At the crossroads of history

Visit the areas south of Ayutthaya and learn about the city’s cosmopolitan past

The ancient city of Ayutthaya was surrounded by rivers — the Lop Buri on the north side, the Pa Sak on the east side and the Chao Phraya on the remaining sides. South of the city island, known in Thai as Koh Muang, the Pa Sak merges with the Chao Phraya at the point where the latter makes a southward turn, away from Koh Muang.

Hundreds of years ago, from the confluence to the Takiayokhin Mosque near the mouth of Takhian canal, about 3.5km further downstream (see map), this section of the Chao Phraya was full of trading vessels from many parts of the world. And the areas on both sides of the river were home to foreigners, from the Chinese, the Malays and other Asians to Europeans of different languages and cultures.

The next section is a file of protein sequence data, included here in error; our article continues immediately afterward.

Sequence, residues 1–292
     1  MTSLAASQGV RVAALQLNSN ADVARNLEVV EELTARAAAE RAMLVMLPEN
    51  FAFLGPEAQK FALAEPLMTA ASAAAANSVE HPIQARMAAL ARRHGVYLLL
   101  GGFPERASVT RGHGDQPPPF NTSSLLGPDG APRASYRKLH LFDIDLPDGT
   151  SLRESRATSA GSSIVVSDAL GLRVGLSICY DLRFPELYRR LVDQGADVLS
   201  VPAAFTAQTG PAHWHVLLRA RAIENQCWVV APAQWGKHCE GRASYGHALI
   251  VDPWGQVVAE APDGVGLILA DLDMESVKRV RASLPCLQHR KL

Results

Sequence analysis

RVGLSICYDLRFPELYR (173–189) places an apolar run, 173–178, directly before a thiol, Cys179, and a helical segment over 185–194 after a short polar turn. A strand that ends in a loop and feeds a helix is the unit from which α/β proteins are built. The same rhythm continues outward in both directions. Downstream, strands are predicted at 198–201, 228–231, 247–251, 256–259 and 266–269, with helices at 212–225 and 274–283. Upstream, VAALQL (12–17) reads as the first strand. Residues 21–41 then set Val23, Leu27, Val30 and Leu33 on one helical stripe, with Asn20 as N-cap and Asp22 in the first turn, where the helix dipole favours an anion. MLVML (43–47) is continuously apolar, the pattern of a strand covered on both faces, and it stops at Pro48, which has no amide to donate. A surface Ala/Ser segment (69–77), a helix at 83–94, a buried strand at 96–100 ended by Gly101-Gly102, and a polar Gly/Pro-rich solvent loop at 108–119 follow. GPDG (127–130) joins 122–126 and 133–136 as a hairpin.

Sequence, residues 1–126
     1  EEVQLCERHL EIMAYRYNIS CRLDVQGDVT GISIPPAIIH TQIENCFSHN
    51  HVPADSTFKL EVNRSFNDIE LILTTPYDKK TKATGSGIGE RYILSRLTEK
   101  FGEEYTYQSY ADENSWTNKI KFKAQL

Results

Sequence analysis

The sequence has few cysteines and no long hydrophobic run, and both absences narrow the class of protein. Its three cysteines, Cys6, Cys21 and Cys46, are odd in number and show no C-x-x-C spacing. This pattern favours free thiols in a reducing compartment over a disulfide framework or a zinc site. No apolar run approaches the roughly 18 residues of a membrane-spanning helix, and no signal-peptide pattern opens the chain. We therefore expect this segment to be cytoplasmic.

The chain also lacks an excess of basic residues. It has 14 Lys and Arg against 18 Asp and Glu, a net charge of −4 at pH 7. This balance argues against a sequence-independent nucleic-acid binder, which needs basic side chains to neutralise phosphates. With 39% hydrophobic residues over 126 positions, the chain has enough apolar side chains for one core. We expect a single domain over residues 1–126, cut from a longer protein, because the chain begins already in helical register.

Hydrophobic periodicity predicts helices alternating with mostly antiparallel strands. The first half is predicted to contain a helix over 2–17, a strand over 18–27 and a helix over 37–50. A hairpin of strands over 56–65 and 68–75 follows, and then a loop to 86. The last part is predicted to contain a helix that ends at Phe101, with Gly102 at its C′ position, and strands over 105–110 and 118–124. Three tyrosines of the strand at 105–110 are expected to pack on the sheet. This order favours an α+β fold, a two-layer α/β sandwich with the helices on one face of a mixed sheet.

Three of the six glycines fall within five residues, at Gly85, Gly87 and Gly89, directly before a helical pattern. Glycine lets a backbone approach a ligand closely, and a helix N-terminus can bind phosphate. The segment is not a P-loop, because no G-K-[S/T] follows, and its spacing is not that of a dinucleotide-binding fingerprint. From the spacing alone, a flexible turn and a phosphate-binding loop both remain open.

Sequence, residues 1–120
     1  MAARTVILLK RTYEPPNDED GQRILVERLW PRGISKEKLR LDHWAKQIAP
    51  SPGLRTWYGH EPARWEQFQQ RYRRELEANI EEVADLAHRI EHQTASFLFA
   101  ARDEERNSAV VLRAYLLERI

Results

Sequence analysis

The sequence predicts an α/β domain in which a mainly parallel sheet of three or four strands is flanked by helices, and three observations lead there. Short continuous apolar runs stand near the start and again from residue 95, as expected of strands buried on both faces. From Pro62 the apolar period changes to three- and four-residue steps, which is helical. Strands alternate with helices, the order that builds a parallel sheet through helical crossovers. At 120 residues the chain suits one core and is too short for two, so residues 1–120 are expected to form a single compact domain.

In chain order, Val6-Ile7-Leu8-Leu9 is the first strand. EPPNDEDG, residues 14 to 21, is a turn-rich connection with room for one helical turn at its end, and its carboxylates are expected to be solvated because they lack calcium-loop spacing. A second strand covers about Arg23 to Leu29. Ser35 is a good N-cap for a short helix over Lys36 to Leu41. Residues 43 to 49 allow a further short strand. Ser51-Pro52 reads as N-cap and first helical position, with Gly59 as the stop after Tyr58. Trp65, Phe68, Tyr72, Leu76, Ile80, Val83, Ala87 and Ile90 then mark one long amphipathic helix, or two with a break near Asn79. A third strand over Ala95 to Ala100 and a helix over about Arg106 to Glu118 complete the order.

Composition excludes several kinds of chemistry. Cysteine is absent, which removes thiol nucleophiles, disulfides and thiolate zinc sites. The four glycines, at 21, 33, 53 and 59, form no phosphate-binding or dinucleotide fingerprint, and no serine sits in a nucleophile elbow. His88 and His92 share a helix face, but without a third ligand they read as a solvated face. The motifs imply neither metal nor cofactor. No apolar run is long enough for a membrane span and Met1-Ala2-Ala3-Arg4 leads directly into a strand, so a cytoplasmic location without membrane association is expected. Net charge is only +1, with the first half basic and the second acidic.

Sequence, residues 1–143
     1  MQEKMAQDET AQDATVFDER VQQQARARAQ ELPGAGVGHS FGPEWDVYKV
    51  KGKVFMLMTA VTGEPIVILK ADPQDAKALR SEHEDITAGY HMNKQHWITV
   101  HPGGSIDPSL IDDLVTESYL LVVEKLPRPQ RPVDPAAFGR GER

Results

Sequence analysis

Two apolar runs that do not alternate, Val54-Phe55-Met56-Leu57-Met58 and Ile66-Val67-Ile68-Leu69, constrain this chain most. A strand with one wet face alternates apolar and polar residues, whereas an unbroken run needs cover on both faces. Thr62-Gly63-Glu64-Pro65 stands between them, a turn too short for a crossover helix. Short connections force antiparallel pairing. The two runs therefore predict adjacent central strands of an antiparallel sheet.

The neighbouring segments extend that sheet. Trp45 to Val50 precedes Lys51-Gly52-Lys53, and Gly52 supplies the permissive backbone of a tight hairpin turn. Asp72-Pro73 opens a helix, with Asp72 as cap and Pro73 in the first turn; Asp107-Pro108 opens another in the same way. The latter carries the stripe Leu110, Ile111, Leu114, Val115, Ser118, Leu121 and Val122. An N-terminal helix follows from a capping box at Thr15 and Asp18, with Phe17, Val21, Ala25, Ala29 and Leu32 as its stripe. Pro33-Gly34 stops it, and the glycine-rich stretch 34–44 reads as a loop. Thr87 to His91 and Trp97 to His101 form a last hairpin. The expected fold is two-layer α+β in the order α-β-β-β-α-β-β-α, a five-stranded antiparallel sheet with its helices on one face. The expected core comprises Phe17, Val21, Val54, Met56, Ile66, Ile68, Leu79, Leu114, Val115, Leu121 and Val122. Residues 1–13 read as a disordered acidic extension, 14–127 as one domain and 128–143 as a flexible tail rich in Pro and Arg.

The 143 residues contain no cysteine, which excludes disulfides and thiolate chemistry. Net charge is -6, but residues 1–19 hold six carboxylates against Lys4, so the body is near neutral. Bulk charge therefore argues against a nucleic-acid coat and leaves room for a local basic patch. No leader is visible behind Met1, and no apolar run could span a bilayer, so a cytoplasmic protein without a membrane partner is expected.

Of course, not all of these foreigners were merchants. Seeking religious or political refuge or opportunities, they came from various walks of life, from craftsmen and labourers to adventurers and mercenaries and anything in between.

Some joined the Siamese army in wars. Some served as royal guards or did other duties in the Thai court and managed to climb to high ranks. Read on…



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